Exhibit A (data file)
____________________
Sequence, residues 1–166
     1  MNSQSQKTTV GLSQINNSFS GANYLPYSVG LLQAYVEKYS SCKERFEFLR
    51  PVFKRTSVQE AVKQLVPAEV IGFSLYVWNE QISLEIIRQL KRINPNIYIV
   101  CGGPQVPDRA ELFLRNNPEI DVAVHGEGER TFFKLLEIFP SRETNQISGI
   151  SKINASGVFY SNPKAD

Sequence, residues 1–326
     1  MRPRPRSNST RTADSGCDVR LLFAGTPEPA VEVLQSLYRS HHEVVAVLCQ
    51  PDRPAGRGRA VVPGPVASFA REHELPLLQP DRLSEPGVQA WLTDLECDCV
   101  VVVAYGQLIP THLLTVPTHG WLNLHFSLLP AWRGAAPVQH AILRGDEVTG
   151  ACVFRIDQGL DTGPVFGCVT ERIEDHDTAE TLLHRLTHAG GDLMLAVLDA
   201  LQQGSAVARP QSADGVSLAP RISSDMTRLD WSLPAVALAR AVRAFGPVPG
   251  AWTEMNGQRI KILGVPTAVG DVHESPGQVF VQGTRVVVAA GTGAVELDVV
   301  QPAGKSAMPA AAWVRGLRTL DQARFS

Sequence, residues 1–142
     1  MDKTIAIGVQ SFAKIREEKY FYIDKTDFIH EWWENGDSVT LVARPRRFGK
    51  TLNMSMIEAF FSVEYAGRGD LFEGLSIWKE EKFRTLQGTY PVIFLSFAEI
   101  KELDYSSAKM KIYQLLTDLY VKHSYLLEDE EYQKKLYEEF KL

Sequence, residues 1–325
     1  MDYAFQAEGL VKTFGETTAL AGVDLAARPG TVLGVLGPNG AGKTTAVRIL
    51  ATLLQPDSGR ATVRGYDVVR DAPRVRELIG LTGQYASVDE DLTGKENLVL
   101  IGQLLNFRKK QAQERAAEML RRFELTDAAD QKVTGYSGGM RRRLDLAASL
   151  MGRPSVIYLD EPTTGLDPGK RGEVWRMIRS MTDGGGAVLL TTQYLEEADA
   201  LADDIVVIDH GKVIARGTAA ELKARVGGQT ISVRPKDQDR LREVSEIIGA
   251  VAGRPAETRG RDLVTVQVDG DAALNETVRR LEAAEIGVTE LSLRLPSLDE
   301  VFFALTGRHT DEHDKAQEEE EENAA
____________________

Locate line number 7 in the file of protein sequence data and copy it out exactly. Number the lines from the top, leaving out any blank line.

     1  MRPRPRSNST RTADSGCDVR LLFAGTPEPA VEVLQSLYRS HHEVVAVLCQ